The Won’t Stop Round Up
by Brian Michael Foote
MCA passed away this week and I realized that if I had to pick a moment when I became a New Yorker, if you can do such a thing, it might very well have been somewhere in 1987 in the middle of nowhere, Texas. In fact, in some weird cosmic way, it’s entirely possible that without MCA and the Beastie Boys I might never have moved to New York, gone to CUNY, and come to work with the fine people I do.
My cousins and I were the same age, obsessed with MTV, and while we were too young to understand anything about music or pop culture we at least knew that our parents hated the Beastie Boys. “Fight for your Right (to Party)” was everywhere that summer…even out in the sticks. Until the Beastie Boys there wasn’t much you could play that could really, successfully bother those immovable higher gods. Anything that tried to pass as rebellion never had the chance to grow teeth, it was already crushed under the shadows of groups like the Clash or the big 70′s rock acts. We didn’t know anything about Hip Hop or what was just around the corner, all we knew was that these three white kids from New York were doing something completely obnoxious and foreign and loud and nobody knew what to do with it. Our parents were just wise enough to know that right behind these ridiculous boys swimming in machismo was something else entirely different from anything they had known. It wouldn’t be too much longer until I was staying up late at night to catch ‘YO MTV Raps‘ and discovered there was a radio station out of Dallas playing Hip Hop in the evenings.
I fell into other things as I got older but I always stayed up with the Beasties. As they became more dynamic and political I found myself doing the same and so it felt a bit as if you were growing up with an older sibling. It wouldn’t exactly be a fair analogy to say they were like the Beatles in that way, for surely they were not, but if I can tread lightly on the edge of that analogy then it’s at least fair to call MCA the John. Honestly though I don’t need the analogy, MCA was MCA and it’s a shame we don’t have him around anymore. As a good friend of mine put it, “I feel like I just lost a third of my childhood.”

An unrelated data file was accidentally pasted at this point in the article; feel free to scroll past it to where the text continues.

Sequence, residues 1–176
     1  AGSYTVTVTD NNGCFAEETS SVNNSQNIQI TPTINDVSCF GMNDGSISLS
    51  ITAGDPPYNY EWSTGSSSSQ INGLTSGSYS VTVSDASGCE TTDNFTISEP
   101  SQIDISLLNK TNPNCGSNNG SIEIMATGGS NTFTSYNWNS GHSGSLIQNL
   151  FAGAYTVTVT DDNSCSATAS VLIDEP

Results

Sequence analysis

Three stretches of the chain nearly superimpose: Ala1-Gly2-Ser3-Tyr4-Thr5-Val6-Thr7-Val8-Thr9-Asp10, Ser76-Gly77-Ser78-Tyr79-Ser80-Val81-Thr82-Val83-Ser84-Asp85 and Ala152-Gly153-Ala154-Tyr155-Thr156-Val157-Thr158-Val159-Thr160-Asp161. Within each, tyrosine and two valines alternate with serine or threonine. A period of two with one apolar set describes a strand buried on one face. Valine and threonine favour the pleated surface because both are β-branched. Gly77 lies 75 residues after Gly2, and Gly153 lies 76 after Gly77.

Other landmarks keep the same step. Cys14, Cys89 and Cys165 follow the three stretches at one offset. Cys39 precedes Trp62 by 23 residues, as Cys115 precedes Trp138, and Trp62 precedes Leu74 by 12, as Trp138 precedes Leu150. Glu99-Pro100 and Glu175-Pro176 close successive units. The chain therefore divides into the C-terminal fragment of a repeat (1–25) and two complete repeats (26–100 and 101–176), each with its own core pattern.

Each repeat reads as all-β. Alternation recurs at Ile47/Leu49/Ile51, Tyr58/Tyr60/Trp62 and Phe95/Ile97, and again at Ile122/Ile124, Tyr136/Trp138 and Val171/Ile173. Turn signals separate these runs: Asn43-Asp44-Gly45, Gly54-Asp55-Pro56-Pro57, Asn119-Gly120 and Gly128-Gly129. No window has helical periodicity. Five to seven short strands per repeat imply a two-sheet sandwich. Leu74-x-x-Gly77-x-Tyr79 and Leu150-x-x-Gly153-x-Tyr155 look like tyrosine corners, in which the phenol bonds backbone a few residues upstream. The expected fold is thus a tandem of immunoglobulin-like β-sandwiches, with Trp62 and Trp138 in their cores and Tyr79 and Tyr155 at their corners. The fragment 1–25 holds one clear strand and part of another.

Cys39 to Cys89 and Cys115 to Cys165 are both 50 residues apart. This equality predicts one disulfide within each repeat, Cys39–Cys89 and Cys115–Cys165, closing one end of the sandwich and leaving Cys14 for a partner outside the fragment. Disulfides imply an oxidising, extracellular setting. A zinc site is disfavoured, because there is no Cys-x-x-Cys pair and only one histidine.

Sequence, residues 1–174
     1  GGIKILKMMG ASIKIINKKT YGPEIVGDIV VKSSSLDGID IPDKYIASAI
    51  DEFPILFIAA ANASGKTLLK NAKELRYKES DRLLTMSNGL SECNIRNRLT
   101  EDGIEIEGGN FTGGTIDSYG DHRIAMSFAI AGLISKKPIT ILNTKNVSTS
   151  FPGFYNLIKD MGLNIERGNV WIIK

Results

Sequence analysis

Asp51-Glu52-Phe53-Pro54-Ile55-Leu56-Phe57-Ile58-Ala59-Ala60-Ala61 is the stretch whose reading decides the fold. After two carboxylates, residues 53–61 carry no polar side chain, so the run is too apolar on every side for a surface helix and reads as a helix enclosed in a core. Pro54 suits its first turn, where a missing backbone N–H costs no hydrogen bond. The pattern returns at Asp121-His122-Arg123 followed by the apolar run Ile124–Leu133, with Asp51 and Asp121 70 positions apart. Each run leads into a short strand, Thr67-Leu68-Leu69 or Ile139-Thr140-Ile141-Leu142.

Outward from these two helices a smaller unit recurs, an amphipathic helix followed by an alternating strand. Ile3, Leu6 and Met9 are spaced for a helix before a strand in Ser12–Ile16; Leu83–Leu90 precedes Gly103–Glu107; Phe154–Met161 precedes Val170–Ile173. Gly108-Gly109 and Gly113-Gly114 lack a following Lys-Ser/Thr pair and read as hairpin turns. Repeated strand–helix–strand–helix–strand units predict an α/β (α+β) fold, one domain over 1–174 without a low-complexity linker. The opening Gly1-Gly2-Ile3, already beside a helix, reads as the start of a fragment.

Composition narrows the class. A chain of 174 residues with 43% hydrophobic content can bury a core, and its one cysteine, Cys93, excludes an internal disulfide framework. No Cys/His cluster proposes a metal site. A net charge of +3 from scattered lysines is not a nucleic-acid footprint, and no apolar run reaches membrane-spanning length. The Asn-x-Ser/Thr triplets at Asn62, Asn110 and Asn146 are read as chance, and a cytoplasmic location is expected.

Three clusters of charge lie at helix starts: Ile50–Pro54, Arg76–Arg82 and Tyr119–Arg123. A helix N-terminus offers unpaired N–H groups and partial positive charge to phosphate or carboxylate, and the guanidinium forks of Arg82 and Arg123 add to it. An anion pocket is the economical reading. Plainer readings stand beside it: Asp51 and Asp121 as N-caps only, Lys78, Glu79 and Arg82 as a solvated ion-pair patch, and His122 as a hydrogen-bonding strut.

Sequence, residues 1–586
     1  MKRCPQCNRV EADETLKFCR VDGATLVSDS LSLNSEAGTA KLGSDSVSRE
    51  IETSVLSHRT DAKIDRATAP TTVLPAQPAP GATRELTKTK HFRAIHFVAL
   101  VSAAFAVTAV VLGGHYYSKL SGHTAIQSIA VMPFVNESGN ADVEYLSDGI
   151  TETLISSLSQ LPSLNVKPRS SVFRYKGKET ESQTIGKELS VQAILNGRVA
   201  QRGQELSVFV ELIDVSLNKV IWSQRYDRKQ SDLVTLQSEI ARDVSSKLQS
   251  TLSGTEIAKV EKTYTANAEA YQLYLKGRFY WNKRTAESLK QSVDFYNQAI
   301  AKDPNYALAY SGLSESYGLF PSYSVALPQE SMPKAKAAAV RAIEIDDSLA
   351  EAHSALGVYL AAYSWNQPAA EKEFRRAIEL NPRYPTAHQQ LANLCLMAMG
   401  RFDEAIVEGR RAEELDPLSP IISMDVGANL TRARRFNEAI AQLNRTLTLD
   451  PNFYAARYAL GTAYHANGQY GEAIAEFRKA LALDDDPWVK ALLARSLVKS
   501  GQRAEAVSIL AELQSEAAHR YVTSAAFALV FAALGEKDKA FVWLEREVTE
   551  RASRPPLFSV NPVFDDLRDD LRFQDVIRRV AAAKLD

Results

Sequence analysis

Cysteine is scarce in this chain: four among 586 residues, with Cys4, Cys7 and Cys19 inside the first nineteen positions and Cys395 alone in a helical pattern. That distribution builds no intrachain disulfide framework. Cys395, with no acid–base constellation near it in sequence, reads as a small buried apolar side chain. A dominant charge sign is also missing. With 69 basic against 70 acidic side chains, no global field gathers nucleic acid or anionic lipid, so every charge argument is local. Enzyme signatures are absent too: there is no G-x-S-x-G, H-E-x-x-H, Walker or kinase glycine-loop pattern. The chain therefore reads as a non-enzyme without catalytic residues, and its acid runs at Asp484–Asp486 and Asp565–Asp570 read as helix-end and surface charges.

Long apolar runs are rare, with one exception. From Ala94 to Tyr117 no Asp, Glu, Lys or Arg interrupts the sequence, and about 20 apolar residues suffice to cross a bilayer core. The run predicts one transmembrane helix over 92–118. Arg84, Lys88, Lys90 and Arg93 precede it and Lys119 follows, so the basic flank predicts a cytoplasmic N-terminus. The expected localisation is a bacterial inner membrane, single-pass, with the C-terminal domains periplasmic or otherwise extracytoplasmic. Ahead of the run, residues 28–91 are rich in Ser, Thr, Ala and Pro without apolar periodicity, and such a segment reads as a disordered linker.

A lot of us still looked up to those guys, maybe Yauch in particular, and were hoping for a little help figuring out what’s next.
Of course there was so much more this week. Maura Smale, who just posted her own lovely thoughts about MCA’s passing, reported in from May Day this week. If you didn’t catch her and the Open Access crew at the Free University take heart – they posted their handouts online! Speaking of May Day, Tony Picciano blogged about the return of Occupy to the streets of New York and what that might mean for the summer and the city.
I couldn’t tell if the latest from Helldriver’s Pit Stop was real or not. I mean – I believe it now but for a while there I thought it was something along the lines of Borges’ absurd list of categories. They’re beautiful though. I’m looking forward to a transcript of the whole thing. Also – that’s probably the best name for a conference I’ve ever heard.
Hunter Johnson had an awesome post revisiting geometry on the CUNY Math blog. I realize the point of this blog is to entice you check out links you might have missed and so you might be asking me in your head, “Brian, I’m not sure how that encourages me…” I understand your reservations and I’m telling you - math is really interesting when people who love it talk about it. This is not Sister Mary’s math class.
Finally this week Adam Wandt debuted his new blog: Adam’s Antics. It’s more personal than his other blogs on the Commons and as of right now has a killer pic of last night’s monster moon up.
No sleep till Brooklyn